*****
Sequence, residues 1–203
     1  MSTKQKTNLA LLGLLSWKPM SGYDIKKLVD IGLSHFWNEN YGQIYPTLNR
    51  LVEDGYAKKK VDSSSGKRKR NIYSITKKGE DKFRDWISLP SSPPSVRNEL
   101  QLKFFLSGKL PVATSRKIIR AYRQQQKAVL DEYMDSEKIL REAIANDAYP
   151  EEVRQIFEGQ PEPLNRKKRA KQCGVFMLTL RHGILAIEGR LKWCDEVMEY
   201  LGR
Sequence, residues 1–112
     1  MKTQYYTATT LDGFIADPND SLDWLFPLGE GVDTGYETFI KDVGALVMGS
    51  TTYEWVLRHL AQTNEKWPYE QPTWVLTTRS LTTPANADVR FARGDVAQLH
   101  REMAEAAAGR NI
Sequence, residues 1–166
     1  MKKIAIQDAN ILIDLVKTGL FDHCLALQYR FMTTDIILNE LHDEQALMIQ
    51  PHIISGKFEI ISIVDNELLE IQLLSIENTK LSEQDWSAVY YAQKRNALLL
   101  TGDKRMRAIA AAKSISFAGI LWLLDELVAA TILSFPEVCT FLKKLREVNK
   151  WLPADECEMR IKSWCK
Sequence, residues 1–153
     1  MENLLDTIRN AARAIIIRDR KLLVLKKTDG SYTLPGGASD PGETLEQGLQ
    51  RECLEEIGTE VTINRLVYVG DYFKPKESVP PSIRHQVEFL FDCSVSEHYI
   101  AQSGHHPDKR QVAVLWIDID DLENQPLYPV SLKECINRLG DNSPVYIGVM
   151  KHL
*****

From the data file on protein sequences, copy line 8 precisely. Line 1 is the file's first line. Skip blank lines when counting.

     1  MKTQYYTATT LDGFIADPND SLDWLFPLGE GVDTGYETFI KDVGALVMGS